Any business marketing a new consumer product wants to give their creation a snappy and memorable name, and craft brewers in particular seem especially fond of names with puns and pop culture references. But wittiness, alas, is not the sole criterion for judging a good trademark, as one Texas craft brewer is now learning.

On March 3rd , an entity affiliated with pop icon Madonna filed a trademark opposition proceeding at the USPTO against an application for the mark MALTERIAL GIRL for beer filed by Weathered Souls Brewing of San Antonio, Texas.

MG Icon, the entity which manages Madonna’s “Material Girl” brand, owns multiple trademark registrations and pending applications for MATERIAL GIRL for a wide variety of goods from clothing to accessories to cosmetics to housewares. According to the pleading, MG Icon plans “to become a truly lifestyle brand”.

None of these trademark filings, however, say anything about food or beverages. Indeed, in the Notice of Opposition, MG Icon expressly states that it has chosen not to use or associate the MATERIAL GIRL mark with alcoholic beverages “as that would be contrary to the image of the brand”, which is targeted to teens and young women. How to bridge the gap?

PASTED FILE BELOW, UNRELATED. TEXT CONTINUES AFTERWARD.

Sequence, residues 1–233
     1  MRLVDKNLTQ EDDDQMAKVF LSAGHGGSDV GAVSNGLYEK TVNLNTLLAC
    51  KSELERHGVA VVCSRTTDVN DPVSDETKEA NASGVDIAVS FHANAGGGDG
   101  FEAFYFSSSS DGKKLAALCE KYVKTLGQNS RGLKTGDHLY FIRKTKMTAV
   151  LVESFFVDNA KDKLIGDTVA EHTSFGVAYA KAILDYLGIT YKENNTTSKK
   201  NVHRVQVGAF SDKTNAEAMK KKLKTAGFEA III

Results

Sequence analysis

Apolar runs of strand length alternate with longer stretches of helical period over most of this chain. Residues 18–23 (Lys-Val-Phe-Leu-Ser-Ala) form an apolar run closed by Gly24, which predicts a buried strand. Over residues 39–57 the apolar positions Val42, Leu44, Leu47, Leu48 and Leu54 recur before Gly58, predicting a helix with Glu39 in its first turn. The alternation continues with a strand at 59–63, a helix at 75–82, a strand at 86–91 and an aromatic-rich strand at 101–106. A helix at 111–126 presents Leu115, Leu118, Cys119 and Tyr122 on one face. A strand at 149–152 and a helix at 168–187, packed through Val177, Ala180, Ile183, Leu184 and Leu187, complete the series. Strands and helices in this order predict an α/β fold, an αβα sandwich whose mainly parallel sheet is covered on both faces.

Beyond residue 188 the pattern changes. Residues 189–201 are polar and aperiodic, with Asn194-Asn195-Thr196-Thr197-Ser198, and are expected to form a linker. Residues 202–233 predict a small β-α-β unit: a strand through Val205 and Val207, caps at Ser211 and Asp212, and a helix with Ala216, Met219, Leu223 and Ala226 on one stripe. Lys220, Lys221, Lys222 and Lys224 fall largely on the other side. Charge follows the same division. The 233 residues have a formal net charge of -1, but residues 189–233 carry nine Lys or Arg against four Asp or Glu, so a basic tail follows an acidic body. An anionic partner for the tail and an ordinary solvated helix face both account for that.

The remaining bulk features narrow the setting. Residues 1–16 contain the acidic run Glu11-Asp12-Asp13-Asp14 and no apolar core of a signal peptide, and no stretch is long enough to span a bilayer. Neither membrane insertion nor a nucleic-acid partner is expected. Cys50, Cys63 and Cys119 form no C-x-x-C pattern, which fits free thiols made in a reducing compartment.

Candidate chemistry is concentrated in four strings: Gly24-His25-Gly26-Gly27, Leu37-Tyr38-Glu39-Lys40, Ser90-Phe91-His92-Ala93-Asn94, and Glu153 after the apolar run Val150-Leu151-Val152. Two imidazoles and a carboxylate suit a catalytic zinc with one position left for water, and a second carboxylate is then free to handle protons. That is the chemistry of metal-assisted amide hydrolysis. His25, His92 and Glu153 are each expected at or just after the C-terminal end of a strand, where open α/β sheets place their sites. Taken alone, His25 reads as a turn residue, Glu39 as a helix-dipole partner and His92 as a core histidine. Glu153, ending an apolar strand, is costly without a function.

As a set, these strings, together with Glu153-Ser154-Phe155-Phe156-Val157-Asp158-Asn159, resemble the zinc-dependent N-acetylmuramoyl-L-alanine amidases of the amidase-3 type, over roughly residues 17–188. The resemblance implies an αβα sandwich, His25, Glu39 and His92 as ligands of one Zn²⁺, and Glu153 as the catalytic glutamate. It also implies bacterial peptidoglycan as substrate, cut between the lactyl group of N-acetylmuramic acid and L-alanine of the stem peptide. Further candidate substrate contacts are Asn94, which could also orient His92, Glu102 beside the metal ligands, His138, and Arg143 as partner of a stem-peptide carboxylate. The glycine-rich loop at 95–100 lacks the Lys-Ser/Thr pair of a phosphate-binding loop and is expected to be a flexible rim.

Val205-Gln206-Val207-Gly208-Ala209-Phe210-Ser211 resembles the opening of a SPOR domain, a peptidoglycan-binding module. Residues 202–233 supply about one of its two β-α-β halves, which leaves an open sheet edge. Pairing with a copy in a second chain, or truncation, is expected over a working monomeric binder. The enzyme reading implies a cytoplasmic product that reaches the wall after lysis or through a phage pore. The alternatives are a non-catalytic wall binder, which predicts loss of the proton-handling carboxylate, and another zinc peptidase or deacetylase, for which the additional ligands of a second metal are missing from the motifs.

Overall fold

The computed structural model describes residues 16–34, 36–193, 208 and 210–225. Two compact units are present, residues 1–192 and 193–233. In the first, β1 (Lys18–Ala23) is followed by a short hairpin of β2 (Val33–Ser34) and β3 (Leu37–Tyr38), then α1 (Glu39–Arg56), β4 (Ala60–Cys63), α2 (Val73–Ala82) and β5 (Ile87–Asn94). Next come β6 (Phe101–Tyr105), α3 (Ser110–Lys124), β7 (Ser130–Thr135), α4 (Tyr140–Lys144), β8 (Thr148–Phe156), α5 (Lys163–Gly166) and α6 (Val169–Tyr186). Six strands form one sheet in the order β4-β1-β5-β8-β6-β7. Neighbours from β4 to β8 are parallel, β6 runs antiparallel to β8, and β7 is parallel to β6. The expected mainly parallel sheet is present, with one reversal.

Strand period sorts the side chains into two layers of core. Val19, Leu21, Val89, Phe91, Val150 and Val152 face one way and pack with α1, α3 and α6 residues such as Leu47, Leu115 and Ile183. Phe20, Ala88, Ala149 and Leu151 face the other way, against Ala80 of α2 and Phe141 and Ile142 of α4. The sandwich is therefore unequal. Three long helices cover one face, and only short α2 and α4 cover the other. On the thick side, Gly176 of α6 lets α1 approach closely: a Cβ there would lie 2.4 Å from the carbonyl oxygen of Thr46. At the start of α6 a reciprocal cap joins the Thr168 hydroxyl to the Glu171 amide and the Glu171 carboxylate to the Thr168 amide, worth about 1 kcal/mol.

The Notice of Opposition relies heavily upon the literal similarity of the marks in support of its claim that confusion is likely. But this strikes me as more of a dilution case if there ever was one, and Madonna does not disappoint, alleging that the mark is famous and that the MALTERIAL GIRL mark would dilute her brand by tarnishment and (implicitly) blurring.

The Trademark Trial & Appeal Board is not known as a friendly forum for dilution claims, so it will be interesting from a trademark-nerd prospective to see how this case plays out. Weathered Souls’ deadline to file an answer is April 12 th . But the takeaway for craft brewers, vintners and distillers out there is that no matter how clever and edgy your product name may be, you still need to make sure it’s available and not going to land you in potentially costly litigation.